As you know, we have spent quite a bit of time looking for the best alternative ADHD medications, and we believe that we have found some good ones. You can find out a bit about each of the four we have found, to date, by clicking the link.
There is a lot of research going on into ADHD supplements, and as you know, we try to keep you abreast of that research. We do this because we realize that the products we recommend do not work perfectly for everyone, so we are always on the lookout for new treatment options for those that suffer with attention deficit disorders.
For us it is important for our readers to be able to use us as a source of information. That is why below we are going to tell you a bit about traditional ADHD treatments and supplements.
These medications are prescription only, so we cannot provide you with links to buy them, but can tell you about them. That way you can discuss them with your doctor and consider using them if appropriate.
Guanfacine and ADHD
In most countries, Guanfacine is marketed as Tenex. In America, the FDA has approved Tenex for ADHD treatment. Specifically it is approved for the treatment of children aged between 6 and 17.
Exactly why the drug helps young ADHD sufferers is not fully understood. However, it is believed to strengthen the body’s ability to regulate the prefrontal cortex. This area is known to play a big role in behavior and the ability to focus and concentrate.
Animal studies showed it to have a moderate impact on cognitive factors. It enhanced impulse control and improved memory.
In adults, suffering from ADHD it has very little benefit. However, it can help to treat traumatic brain injuries to the frontal lobe. This has led some to conclude that this drug is only effective if the brain is in development or repair mode. Research is ongoing.
The Side Effects of Guanfacine
As with all drugs, there are side effects. The most common ones are confusion, dizziness, confusion, weakness and sweating. Occasionally people also suffer from chest pain, breathing difficulties and depression.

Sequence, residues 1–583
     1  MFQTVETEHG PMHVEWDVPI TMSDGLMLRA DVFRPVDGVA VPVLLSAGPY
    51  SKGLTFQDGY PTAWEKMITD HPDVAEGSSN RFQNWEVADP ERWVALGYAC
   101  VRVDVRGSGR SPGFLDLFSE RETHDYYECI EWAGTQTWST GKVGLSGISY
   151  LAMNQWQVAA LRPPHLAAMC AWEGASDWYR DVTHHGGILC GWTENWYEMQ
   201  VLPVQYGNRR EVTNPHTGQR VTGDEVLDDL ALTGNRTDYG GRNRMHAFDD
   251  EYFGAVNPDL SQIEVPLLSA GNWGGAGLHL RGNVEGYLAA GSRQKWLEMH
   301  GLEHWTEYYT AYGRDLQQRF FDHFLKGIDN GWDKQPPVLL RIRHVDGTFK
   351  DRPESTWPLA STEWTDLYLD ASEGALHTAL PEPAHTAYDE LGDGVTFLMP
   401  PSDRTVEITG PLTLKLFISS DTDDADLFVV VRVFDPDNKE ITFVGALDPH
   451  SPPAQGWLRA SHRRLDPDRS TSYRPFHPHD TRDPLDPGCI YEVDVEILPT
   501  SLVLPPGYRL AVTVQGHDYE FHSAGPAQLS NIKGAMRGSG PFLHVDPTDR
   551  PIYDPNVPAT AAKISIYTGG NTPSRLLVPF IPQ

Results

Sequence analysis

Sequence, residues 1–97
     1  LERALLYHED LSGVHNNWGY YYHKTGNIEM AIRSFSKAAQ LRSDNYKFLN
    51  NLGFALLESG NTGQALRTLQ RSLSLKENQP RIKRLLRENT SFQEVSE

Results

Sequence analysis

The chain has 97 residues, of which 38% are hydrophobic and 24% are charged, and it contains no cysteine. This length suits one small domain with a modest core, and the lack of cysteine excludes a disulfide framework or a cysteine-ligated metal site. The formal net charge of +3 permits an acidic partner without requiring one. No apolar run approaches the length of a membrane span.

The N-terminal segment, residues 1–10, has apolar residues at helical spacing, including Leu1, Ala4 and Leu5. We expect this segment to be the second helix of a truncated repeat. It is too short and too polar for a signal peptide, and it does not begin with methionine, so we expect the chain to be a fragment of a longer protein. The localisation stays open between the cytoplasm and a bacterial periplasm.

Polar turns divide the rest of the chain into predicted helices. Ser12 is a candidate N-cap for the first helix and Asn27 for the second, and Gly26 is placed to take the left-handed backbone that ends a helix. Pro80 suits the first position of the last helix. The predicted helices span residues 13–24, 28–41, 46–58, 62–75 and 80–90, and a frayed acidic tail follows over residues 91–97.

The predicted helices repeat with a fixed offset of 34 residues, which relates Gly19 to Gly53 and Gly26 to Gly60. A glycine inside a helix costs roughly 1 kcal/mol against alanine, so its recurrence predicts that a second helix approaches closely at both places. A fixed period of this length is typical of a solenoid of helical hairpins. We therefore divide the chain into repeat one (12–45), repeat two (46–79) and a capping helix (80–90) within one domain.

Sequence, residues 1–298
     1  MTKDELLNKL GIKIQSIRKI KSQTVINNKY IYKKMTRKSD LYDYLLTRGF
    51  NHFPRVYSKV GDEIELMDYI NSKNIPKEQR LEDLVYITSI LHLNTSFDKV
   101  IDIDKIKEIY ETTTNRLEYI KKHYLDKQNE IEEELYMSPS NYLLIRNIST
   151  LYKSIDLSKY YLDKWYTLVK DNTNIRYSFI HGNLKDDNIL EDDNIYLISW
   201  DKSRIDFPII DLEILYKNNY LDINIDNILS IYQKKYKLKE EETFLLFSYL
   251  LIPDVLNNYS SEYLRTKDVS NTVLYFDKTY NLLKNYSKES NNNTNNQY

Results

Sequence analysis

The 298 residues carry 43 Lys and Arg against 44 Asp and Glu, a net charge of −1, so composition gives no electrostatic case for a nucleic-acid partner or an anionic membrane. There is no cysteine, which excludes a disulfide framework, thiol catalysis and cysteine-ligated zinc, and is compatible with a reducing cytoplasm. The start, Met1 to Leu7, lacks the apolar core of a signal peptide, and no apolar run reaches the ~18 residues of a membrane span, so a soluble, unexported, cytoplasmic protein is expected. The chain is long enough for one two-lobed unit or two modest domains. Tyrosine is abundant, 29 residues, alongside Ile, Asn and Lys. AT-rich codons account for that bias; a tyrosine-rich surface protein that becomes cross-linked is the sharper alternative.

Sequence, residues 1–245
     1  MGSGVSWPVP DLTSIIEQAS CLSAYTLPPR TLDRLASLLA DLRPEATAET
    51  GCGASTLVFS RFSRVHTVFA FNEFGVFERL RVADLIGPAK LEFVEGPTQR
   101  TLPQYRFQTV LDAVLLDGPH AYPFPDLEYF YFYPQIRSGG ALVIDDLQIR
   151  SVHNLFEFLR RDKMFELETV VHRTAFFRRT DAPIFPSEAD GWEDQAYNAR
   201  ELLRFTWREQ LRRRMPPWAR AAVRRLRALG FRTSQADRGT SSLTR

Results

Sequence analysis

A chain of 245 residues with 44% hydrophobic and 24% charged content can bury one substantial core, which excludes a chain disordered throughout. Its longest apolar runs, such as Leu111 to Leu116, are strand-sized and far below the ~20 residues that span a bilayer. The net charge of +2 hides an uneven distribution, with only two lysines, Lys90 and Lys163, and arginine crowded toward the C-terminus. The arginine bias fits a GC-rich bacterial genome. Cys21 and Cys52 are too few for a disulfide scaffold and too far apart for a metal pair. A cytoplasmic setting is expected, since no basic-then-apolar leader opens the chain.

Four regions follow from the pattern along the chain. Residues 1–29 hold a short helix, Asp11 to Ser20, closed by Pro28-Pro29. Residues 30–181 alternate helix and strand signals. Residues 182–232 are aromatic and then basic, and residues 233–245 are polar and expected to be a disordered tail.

The likelihood of side effects is partly dependent on the dose. Normally, the higher the dose is the more likely side effects are.
ADHD Medication Vyvanse
If you are looking for effective ADD medication, Vyvanse is worth considering. This is one of the trade names for Lisdexamfetamine. It is also sold as Tyvense, Elvanse and Venvanse.
This drug is typically used to treat children aged between 6 and 12. It can also be used for adults, but only as a part of a treatment plan, that includes other elements such as cognitive training and/or social or educational treatments.
The Side Effects of Vyvanse
The list of possible side effects for Vyvanse seems long and you need to be aware of all of them and tell your doctor if you notice any of them. However, many people take the drug without serious side effects.
Side effects include:
- Nervousness or restlessness
It is especially important to tell your doctor if you feel lightheaded. This is because this drug can affect blood pressure. It can also cause your heart rate to change.
If a child is taking this drug, you need to be sure to check regularly with them that they are feeling OK. Spotting side effects in children can be problematic because they do not really understand or notice the side effects.
Dextroamphetamine Sulfate for ADHD
Dextroamphetamine is used in many countries to treat ADHD. The sulfate version has the advantage of being instant release. This has allowed it to be added to products like chewing gum, which is easier to get children to take their medication.
The Side Effects of Dextrostat
There are quite a few side effects of Dexedrine, Dextrostat or Dexamphetamine, which are all trade names of Dextroamphetamine.
Here is a basic list:
- Stomach cramps
Some people are allergic to this drug. In those cases swelling, difficulty breathing and hives can all occur as well as the side effects listed above.
The Best ADHD Medication for Children
We are regularly asked which ADHD medication is best for children, and we would love to answer this question. Naturally, we have an opinion about this, but we feel that if you have a child with ADHD you need to be cautious about how you treat it.
Rather than make a specific recommendation we always advice parents to work hand in hand with the medical profession. At the same time, our advice is for parents to read up on the research and use websites like this one as a source of information. Armed with additional information parents can ensure that all treatment avenues are explored and better understand the particular form of ADHD their child is suffering from.
You need to discuss any medications or supplements you give your child for ADHD with your doctor. This approach is the safest one. In the end will allow you to determine which treatment option is best for your child.
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